If evolution is true, then God intended his creatures to have life cycles. Can this really be reconciled with the Bible?
I have a lot of questions, too. The evidence for evolution convinced me it was true. It did not, however, give me any answers for how to reconcile evolution with the Bible. I had to slog through that issue, mostly on my own.
I did an immense amount of study on the subject of evolution. I had some through discussions with those who believe in evolution first, and I challenged them with every argument I could find from my anti-evolution friends.
Once I felt like I'd gotten answers, and been referred to articles to verify those answers, I went to the library and got 8 books. Four were against evolution, four defended it.
I read those and continued my discussions, though one of the most disappointing things I found is that it is just about impossible to get an anti-evolutionist to have a real discussion.
It's one of the things that convinced me that they know they're wrong and that the leading anti-evolution campaigners are dishonest as a part of their personality. Somewhere inside them, they never learned to care what's true. They care more about what they wish were true.
Anyway, all that study allowed me to see that the evidence for evolution is so overwhelming and that the opponents are so unreasonable and dishonest, I just needed to admit it was true.
Then I had to start asking questions and finding answers as to how that admission affects my belief in the Bible, in Jesus, and in God.
My faith in God through King Jesus is unshakable. Evolution is a completely different subject, and finding out that the Word of God created us through an amazing, complex, barely understood 13-billion-year process only made me be more in awe of him.
The Bible, however. How do we reconcile that?
Some questions were easy to answer because I'd already been a student of the early Christians for several years. I knew their figurative approach to the Hebrew Scriptures, and I knew that they loved to take lessons from what they saw in God's creation.
However, you asked, "Did God intend for creatures to have a life cycle?"
I've never thought about that directly before. If evolution is true, as I am convinced it is, then apparently he did.
How do I reconcile that with what I see in the Scriptures?
Well, just for me, here's how I see it. I don't consider myself appointed to be the infallible answerer of such questions. I'm just a guy, called by God to help his people learn, doing his best to fulfill that calling with painful honesty.
Moses wrote about some things that happened centuries or millennia or even millions of years before he was alive. I believe those are inspired by God, but I do not believe they are historically accurate, nor even meant to be.
Moses supplied stories handed down in his culture. I believe God worked through Moses as he wrote them, and I believe he breathed his life into those writings, and it is a gift to the church that we can extract that life by reading his words spiritually.
Why would he do that? Why would Moses write stories that he had no way of knowing were accurate?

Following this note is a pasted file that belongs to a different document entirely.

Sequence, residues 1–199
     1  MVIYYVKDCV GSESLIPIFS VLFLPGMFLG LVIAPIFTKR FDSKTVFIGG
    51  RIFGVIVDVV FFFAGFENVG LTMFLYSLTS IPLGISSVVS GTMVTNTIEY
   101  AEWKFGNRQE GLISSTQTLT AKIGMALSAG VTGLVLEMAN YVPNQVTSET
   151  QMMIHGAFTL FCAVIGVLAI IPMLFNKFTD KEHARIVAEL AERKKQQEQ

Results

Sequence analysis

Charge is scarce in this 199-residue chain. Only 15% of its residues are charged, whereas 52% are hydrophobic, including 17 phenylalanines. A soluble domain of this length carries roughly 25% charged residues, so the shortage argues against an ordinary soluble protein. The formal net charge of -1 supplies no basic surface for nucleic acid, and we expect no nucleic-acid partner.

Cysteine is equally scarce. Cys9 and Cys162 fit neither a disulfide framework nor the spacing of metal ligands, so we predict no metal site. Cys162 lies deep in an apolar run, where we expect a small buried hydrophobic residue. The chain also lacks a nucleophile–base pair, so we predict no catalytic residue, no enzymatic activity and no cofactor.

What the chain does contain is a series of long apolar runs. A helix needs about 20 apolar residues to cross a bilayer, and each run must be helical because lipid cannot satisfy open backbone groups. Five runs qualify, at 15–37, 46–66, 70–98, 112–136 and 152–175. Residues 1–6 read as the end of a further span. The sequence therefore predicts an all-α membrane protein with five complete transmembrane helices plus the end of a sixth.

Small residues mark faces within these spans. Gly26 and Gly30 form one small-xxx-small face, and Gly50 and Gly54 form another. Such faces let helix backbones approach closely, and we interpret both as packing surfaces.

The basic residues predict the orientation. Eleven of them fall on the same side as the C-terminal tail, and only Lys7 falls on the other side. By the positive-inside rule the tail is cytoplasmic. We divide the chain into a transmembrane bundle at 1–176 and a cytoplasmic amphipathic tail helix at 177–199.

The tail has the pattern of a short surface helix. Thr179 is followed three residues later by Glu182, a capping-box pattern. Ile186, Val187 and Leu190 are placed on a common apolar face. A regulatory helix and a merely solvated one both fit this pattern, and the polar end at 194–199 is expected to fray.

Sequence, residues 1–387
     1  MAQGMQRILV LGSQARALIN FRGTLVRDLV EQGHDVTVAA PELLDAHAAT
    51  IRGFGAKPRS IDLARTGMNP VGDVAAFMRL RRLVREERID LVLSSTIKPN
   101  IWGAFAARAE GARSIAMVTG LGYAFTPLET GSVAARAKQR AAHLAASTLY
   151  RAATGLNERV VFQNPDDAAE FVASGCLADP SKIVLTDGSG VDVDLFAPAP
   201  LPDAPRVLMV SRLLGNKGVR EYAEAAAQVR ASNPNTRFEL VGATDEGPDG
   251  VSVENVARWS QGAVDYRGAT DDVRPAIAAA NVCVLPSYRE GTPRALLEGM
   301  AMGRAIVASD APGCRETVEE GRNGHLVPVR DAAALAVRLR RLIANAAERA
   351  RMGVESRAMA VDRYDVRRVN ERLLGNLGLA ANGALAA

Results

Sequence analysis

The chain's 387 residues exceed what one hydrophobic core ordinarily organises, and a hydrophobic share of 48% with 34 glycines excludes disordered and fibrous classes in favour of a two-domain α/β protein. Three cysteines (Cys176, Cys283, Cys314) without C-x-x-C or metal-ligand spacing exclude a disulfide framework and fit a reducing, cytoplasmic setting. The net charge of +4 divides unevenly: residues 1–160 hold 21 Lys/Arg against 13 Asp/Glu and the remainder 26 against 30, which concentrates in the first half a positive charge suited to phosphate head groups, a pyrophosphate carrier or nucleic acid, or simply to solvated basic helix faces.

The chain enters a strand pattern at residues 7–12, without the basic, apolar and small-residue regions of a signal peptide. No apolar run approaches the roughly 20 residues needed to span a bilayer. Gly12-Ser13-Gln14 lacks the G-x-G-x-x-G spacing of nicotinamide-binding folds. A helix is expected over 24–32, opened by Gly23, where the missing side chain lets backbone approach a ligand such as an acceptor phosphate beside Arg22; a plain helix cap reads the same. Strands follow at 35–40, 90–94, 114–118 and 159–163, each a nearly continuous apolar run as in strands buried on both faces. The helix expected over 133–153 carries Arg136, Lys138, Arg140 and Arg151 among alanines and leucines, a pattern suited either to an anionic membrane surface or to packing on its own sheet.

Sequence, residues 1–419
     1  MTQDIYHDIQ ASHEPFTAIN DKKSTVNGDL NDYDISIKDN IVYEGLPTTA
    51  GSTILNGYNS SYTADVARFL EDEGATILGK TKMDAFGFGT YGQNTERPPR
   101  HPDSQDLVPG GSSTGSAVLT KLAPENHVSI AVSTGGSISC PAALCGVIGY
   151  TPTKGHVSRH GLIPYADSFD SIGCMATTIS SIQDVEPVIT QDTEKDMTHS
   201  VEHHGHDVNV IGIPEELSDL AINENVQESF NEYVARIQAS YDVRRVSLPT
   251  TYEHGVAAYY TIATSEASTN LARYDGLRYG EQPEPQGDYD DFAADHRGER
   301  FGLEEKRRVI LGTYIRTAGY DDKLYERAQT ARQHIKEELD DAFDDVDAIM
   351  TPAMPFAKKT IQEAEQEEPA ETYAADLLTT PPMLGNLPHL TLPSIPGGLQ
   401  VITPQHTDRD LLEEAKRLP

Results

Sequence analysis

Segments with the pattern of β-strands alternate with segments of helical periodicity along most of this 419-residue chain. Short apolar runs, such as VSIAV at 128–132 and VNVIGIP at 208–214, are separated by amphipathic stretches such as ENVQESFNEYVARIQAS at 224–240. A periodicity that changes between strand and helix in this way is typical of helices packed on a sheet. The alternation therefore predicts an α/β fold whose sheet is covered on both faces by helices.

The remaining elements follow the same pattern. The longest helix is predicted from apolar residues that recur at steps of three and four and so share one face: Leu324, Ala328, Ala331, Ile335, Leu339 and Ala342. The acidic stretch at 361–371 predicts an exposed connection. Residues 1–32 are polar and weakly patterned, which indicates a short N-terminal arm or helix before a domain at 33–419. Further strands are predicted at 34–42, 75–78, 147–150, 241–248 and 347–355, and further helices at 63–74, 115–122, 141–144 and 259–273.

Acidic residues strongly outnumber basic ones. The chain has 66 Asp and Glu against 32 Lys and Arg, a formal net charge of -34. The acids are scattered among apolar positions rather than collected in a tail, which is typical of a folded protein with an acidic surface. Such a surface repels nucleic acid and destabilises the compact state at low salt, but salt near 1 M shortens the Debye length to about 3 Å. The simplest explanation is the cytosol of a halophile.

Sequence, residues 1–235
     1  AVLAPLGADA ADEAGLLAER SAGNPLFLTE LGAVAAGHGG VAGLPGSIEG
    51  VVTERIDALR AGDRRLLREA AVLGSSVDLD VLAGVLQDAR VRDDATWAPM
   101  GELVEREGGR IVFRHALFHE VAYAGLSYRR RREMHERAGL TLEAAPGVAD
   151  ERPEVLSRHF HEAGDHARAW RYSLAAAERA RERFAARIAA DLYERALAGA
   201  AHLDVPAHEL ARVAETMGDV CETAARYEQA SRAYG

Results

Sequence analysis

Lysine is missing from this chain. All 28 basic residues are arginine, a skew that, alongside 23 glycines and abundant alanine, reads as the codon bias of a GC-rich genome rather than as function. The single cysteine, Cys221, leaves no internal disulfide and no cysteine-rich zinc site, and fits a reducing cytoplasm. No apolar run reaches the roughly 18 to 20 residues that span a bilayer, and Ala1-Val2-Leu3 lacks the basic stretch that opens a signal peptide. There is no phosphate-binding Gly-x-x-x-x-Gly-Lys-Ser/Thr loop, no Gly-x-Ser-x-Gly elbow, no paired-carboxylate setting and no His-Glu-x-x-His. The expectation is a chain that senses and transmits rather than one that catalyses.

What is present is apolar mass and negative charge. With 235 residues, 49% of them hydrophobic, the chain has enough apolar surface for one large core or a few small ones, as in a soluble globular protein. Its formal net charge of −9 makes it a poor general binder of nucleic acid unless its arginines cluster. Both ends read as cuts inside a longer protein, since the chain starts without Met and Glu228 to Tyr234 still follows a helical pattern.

With a little thought, that question is easy to answer. It is only difficult to answer if we remain in our shoes, thinking like twenty-first century Christians.
Let's put ourselves in his shoes.
Moses grew up in a culture that preserved its memories with stories. Those stories go through the flood, which pervades the memory of many cultures, all the way back to creation.
Now Moses is writing a book of the Law. In scholarly circles, it was known as a "Suzerain Covenant."
"Suzerain" simply means a ruler. A Suzerain Covenant is a covenant between the suzerain and his people. Typically, it had three parts:
In the case of Moses and Israel, the suzerain was God himself! What had he done for the people? He had created them and the universe they lived in! He had rescued their race from the flood, at least according to what had been handed down to their people. He had also rescued them from slavery in Egypt.
Moses wrote about all of that, from the creation to the time when the sons of Israel, their tribal fathers, came to Egypt. Then he wrote of their deliverance from Egypt.
He followed this with the laws that Israel's divine Suzerain was giving to them (Ex. 20 - Lev.). Then he tells the story of their journey to the brink of the promised land (Numbers). Finally, Deuteronomy recaps what God has done for the people, the laws given, and finishes with the blessings and curses for obedience and disobedience (chs. 27-28).
I don't think Genesis one is literal history.
I think the Garden of Eden story is so obviously a parable that it stuns me that people treat it like it was meant to be literal history. The man's name was Man. That's what Adam means in Hebrew. The woman's name was Life. There was a talking snake. There's a fruit that bestows knowledge equivalent to the gods, and the Lord God talks about Man becoming like "us."
More importantly, there's a tree that can give Man eternal life if he ate it, even if God didn't want him to have eternal life.
I'm sorry, but everything in it shouts purposely fictional allegory to me.
So, yes, I think God intended for creatures to have a life cycle.
The survival of the fittest, the adaptation, the suffering leading to growth, and the death leading to new life are excellent pictures of our Christian life. How do we grow? We grow by trials and adaptation. Suffering leads to growth, and we die to ourselves so that others may life. The physical life cycle is a beautiful picture of our spiritual life as Christians.
Are you also asking "Could there be death before Adam?"
More on reconciling evolution and the Bible.
All Bible verses are taken from the King James Version and updated for language and grammar.
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